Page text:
Flashback to September 1992 for the 10 Biggest Songs In America

This is how the radio sounded like back in September of 1992. The top 10 biggest songs in America.

I was just starting out in college in upstate NY and remember every single song from this list.

How many of these do YOU remember…? Dig a little deeper with this treasure trove of vintage radio charts & more

https://worldradiohistory.com/Archive-All-Music/Radio_and_Records.htm

#10: “Have You Ever Needed Someone So Bad?” – Def Leppard

Def Leppard was coming off two multi-platinum pop-metal juggernauts in 1983’s Pyromania and 1987’s Hysteria. When Adrenalize dropped in the spring of ’92, rock tastes were already starting to drift from big hair to worn flannel. The lead single, “Let’s Get Rocked” got some pretty good album rock and MTV play (and the cassette single sold well), but it failed to really last at pop radio. The follow-up, “Make Love Like A Man” was essentially a flop. So for the 3rd single- the band’s record label decided to take the “low-hanging fruit” approach and release this tepid, by-the-numbers “Mutt” Lange written power-ballad that sounds more ’88 than ’92. Either way- it crept into the American top 10 pop airplay chart for a second.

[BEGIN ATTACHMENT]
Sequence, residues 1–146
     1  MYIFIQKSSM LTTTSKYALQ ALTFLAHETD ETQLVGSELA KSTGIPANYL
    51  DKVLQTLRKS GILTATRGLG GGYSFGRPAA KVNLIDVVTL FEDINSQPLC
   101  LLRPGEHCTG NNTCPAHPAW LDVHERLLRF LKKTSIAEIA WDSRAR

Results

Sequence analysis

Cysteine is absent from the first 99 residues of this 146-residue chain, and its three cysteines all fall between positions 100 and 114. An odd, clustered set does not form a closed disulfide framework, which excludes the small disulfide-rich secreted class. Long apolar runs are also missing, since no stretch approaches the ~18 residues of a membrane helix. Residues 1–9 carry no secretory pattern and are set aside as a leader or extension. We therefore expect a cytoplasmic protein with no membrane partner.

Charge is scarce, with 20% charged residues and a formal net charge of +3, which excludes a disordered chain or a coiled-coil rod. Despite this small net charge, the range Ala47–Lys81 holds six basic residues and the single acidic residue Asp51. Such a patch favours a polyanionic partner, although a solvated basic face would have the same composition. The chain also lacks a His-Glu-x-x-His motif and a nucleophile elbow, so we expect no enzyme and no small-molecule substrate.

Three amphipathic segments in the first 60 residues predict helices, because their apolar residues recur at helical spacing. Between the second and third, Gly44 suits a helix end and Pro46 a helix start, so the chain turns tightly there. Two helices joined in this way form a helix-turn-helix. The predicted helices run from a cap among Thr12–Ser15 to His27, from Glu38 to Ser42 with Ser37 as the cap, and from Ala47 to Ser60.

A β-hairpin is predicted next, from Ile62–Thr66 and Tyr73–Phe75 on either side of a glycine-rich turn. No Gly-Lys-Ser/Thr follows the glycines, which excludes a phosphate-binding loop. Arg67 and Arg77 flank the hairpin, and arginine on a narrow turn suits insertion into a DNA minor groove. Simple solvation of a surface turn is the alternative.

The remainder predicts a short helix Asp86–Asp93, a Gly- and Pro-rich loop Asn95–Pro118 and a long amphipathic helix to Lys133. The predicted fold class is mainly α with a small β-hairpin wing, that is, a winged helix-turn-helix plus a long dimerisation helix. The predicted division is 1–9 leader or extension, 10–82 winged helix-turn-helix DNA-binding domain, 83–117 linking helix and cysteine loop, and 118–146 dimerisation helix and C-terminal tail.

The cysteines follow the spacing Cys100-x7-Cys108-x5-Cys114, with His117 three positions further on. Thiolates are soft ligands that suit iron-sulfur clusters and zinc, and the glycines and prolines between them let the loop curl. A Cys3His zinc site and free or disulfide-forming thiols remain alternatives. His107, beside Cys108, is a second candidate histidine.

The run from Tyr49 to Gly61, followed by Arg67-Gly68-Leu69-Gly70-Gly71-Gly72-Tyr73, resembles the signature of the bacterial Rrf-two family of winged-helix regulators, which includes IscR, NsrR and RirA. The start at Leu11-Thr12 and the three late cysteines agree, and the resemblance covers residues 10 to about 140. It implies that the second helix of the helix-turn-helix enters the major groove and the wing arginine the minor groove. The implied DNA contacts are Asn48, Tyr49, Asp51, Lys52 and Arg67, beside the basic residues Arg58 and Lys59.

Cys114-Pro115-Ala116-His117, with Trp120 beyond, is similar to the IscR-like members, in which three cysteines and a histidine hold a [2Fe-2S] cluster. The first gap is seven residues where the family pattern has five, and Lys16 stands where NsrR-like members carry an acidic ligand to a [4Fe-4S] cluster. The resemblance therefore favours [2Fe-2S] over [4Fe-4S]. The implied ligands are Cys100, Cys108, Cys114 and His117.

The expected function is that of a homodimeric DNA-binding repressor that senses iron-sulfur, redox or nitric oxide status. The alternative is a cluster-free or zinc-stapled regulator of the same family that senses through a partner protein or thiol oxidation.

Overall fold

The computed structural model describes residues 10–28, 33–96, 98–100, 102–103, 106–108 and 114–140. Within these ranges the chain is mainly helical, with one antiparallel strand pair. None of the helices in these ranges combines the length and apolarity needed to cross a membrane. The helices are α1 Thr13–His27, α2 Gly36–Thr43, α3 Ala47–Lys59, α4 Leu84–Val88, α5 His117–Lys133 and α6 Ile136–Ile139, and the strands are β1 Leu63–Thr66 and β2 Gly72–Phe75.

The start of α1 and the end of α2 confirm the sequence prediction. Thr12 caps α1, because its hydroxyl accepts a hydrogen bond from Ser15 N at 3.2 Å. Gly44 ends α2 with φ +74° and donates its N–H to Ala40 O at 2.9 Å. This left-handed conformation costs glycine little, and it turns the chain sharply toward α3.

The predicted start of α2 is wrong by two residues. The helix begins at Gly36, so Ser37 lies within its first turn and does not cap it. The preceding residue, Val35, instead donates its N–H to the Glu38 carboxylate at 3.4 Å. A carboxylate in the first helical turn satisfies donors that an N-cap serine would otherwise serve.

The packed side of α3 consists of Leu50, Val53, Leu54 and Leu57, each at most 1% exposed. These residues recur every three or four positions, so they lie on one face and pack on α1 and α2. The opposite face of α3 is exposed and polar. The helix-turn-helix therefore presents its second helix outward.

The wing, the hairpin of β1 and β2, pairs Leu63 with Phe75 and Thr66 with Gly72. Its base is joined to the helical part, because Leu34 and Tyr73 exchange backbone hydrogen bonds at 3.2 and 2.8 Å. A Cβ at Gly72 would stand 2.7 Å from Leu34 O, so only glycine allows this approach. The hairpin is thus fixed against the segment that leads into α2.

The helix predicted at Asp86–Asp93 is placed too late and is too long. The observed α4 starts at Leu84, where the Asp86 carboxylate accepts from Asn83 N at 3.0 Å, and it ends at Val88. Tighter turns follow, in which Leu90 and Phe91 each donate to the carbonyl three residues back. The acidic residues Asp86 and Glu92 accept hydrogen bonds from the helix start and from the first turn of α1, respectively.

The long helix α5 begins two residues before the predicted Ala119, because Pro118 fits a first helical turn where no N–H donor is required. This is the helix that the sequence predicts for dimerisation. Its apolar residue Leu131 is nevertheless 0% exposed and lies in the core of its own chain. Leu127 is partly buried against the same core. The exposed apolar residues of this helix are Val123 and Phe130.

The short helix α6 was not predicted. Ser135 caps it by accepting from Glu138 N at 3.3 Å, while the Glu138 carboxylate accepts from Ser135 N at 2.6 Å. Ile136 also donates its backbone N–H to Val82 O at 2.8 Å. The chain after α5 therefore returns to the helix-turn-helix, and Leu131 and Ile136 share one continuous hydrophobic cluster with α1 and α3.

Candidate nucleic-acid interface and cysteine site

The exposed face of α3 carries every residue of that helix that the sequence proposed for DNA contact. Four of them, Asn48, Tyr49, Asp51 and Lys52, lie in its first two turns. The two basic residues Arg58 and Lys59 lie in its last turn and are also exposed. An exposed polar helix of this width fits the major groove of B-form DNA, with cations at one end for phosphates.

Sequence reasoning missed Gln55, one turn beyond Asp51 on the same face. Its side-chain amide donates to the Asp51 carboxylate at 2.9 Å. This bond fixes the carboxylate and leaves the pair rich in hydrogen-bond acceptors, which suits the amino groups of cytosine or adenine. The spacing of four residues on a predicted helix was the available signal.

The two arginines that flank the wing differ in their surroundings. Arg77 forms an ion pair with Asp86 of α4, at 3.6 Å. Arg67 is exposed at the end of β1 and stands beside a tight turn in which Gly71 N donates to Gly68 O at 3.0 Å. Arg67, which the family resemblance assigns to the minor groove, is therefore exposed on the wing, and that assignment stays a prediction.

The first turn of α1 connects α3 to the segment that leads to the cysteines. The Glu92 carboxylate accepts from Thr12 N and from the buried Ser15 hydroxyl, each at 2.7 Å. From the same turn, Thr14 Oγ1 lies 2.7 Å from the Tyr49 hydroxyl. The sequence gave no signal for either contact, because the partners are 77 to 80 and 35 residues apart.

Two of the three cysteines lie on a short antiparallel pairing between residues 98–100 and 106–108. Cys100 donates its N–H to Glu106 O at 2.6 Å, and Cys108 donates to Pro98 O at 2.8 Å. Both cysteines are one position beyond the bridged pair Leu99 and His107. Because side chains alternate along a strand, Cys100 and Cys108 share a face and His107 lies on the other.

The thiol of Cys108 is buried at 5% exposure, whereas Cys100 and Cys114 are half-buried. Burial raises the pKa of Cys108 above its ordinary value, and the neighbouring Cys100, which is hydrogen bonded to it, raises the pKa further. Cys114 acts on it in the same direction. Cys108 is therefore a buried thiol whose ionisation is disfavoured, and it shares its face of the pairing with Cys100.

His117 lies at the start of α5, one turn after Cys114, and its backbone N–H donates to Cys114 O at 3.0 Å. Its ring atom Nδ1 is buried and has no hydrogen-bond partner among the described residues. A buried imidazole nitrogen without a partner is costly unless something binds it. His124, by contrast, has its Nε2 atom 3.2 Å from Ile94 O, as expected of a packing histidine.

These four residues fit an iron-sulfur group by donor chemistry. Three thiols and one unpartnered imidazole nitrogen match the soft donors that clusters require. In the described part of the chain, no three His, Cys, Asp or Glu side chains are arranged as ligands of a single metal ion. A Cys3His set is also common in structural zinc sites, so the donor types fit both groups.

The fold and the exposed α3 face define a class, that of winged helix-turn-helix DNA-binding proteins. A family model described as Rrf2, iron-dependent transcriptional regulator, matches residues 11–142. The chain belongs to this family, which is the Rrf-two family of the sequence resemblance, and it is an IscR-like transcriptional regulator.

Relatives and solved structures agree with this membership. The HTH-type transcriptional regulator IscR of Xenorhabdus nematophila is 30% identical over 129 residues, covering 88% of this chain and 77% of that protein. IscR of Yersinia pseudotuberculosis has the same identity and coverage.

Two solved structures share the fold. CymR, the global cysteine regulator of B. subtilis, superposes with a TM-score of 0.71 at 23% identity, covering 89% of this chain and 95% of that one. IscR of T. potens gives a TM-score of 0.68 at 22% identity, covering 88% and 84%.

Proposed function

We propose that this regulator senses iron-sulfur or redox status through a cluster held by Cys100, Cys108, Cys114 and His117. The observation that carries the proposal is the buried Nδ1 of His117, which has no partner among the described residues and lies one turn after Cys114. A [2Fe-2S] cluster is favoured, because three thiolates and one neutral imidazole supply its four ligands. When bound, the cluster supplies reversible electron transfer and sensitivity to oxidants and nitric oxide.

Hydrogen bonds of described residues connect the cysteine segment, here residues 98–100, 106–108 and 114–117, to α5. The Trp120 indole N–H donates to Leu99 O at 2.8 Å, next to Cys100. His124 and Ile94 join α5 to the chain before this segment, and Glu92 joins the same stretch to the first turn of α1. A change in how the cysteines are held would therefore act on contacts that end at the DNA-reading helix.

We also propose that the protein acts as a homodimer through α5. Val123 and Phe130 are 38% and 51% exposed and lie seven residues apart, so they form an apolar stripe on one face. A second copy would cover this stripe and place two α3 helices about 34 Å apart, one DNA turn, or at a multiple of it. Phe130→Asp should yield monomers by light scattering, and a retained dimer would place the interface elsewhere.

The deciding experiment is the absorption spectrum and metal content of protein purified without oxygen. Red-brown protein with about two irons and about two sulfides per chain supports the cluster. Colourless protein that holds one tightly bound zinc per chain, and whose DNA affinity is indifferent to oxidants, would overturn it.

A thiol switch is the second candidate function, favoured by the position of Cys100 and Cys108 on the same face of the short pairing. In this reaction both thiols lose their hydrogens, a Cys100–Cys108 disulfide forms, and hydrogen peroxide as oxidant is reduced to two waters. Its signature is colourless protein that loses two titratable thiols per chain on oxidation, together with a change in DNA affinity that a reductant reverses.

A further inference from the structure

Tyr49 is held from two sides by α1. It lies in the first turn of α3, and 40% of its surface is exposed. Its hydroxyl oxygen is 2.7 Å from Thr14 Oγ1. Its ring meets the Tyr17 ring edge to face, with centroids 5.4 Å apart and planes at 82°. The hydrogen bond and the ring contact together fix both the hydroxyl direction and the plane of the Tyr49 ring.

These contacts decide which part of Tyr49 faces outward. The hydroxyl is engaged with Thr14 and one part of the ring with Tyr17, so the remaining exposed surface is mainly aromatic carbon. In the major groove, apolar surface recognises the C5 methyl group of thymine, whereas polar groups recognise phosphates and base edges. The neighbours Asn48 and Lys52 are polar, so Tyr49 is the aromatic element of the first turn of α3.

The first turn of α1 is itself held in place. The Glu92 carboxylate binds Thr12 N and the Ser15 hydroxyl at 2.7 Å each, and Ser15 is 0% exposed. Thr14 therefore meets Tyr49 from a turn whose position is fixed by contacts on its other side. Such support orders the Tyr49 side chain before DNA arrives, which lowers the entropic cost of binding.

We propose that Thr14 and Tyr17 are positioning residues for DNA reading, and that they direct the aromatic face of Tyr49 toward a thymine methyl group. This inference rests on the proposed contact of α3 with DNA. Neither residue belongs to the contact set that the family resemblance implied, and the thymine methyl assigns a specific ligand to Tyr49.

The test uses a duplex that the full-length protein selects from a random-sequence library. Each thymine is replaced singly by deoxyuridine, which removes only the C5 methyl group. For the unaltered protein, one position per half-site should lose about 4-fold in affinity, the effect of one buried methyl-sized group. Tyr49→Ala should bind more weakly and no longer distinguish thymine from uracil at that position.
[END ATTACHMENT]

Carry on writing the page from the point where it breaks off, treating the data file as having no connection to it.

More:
#9: “Nothing Broken But My Heart” – Celine Dion

And while we’re on the subject of syrupy ballads… Here’s a lady who is no stranger to that sub-genre – Celine Dion. Who, as of the fall of 1992, still hadn’t approached household name status. She had already scored a few top 10 hits – her American debut, “Where Does My Heart Beat Now?” in early ’91, her Peabo Bryson movie duet with the theme to Beauty & The Beast, and her own, “If You Asked Me To”, which had become her biggest solo success to date. The follow-up was very much cut from the same cloth. A VH-1 Classic for sure.

#8: Please Don’t Go – K.W.S.

Okay- at least now we got some tempo! This is a remake… of a remake. The original version was a mid-tempo, couples-only rollerskating favorite, written and recorded by KC & The Sunshine Band in 1979. That version of the song also earns the distinction as the very first #1 song of the 1980’s. Flash-forward to 1991, when the Italian outfit, Double You covers the song as a European dance track. It becomes a big hit there, inspiring the British studio group, K.W.S to remake Double You’s arrangement of the KC & The Sunshine Band song. Follow all that? By the way, K.W.S. stands for King, William, St. Joseph – the three guys who make up the band. Doubt that will ever be on Jeopardy, but ya never know.